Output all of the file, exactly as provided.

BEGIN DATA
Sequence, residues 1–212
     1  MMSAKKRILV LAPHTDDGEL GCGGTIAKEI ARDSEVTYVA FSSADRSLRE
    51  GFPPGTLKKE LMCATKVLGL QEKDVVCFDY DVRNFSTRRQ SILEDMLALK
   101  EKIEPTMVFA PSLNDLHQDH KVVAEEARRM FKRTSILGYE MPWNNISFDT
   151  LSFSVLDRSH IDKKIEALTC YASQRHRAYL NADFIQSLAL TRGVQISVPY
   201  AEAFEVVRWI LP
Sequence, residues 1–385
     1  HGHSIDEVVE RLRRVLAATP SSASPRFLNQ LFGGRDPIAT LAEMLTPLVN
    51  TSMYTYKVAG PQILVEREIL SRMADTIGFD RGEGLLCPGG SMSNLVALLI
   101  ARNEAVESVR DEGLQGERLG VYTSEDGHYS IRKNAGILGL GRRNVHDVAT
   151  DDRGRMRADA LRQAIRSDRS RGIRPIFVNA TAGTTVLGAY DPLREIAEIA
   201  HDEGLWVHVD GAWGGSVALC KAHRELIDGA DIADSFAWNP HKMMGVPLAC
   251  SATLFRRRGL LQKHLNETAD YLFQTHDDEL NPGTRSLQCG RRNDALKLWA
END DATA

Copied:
Sequence, residues 1–212
     1  MMSAKKRILV LAPHTDDGEL GCGGTIAKEI ARDSEVTYVA FSSADRSLRE
    51  GFPPGTLKKE LMCATKVLGL QEKDVVCFDY DVRNFSTRRQ SILEDMLALK
   101  EKIEPTMVFA PSLNDLHQDH KVVAEEARRM FKRTSILGYE MPWNNISFDT
   151  LSFSVLDRSH IDKKIEALTC YASQRHRAYL NADFIQSLAL TRGVQISVPY
   201  AEAFEVVRWI LP
Sequence, residues 1–385
     1  HGHSIDEVVE RLRRVLAATP SSASPRFLNQ LFGGRDPIAT LAEMLTPLVN
    51  TSMYTYKVAG PQILVEREIL SRMADTIGFD RGEGLLCPGG SMSNLVALLI
   101  ARNEAVESVR DEGLQGERLG VYTSEDGHYS IRKNAGILGL GRRNVHDVAT
   151  DDRGRMRADA LRQAIRSDRS RGIRPIFVNA TAGTTVLGAY DPLREIAEIA
   201  HDEGLWVHVD GAWGGSVALC KAHRELIDGA DIADSFAWNP HKMMGVPLAC
   251  SATLFRRRGL LQKHLNETAD YLFQTHDDEL NPGTRSLQCG RRNDALKLWA